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Spitzer's World

The disgraced former New York attorney general and governor affected a lot more than the U.S. brokerage industry. His influence has been felt worldwide.

By  Coletta Kemper

Just five years ago, the name “Spitzer” put the fear of God into our industry. Eliot Spitzer is long gone from a public life of power—first as New York attorney general and then as governor. Exposed, defrocked and discredited—quite a fast fall. He occasionally pops up on some news show as a commentator, but his fan base is greatly reduced.

To add insult to self-imposed injury, Spitzer’s controversial 2004 agreements with the top three brokers, which forced them to forego contingent commissions (and cost them millions to settle), began unraveling last summer.

In August, the Illinois insurance department said it would allow Arthur J. Gallagher & Co. to receive contingent commissions again. (Gallagher’s agreement was with Illinois, not New York.) That announcement was followed by a report that state regulators and attorneys general in New York and Connecticut were considering similar dispensation for Marsh, Aon and Willis, the prime targets of Spitzer’s investigation.

Connecticut Attorney General Richard Blumenthal, who was party to the Spitzer inquiry, said regulators “are sensitive to the need for a level playing field, so companies are treated equally.” That’s a far cry from Spitzer’s “shock and awe” strategy.

Not that any of the brokers will recoup any of their settlement costs, even though the New York Supreme Court last year ruled that contingent commissions were not illegal. But there is a small price to pay for the reversal on contingent commissions, at least in New York, which is calling for agent and broker disclosure—a practice that most commercial agents and brokers have already adopted in one form or another.

The New York proposal circulated in September sets out the minimum disclosure a producer must provide a customer orally or in writing prior to the application of insurance and at renewal. The producer must also tell customers of their right to request additional information on compensation. Some version of the proposed regulation is expected to be final by the end of the year.

Spitzer’s gone, but we’re still living with the aftermath. Ironically, his investigation may have had a greater impact in other parts of the world. A number of countries have adopted agent/broker disclosure rules from the bare minimum to overkill. Here’s a look at how Spitzer-influenced disclosure rules affect a few other countries.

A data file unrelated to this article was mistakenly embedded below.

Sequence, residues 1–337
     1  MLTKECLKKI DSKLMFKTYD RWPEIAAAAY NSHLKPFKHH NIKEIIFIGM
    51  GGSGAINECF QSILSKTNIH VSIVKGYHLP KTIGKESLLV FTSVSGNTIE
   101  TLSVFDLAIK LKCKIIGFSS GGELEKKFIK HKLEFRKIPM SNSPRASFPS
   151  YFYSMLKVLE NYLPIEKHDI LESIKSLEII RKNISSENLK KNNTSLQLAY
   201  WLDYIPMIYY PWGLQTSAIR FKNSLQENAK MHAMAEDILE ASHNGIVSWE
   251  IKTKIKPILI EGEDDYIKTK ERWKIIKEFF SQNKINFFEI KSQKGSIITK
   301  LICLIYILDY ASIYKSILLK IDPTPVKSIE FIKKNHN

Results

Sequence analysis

Australia requires disclosure to “retail” (individual and small business) clients. However, all brokers have a general obligation to provide “clear, concise and effective” information about any compensation or possible conflict of interest at a “reasonable” level on any product—retail or commercial.

The three broad areas of disclosure are: (1) explaining the services being offered by the broker, how the broker will be paid and whether the broker is acting on behalf of the client or the insurer; (2) providing additional disclosure where “personal” advice is given to ensure suitability of the product; and (3) providing clients with information about the policy being purchased.

In the U.K., life agents must disclose fees and commissions in writing for policies with an investment element. While there are no formal rules for personal lines clients, there’s an expectation that the intermediary will disclose information if requested. Last December, regulators decided not to mandate broker disclosure for the commercial sector but strongly suggested that the industry take steps to provide commercial clients with more transparency. The industry developed guidelines that require brokers to clearly inform clients of the right to ask about compensation and to disclose all earnings, including contingents. Any fees must be agreed in advance. Brokers must develop internal policies for managing conflicts of interest and have written policies and procedures in place on disclosure.

Countries with some level of mandatory compensation disclosure include Estonia, Italy, Latvia, Norway, Spain, Sweden and Slovenia. Portugal requires disclosure at the client’s request, as does France when compensation equals more than 20,000 euros. In Hungary, disclosure is recommended.

Denmark, Finland and Norway prohibit brokers from receiving any commissions from insurance companies. Switzerland recently introduced legislation that would, in effect, impose a fee-only system on brokers. Under the proposal, commissions belong to the policyholder. Swiss brokers are negotiating with the government to remove the objectionable language; however, the trade-off may be full transparency and a ban on contingent commissions.

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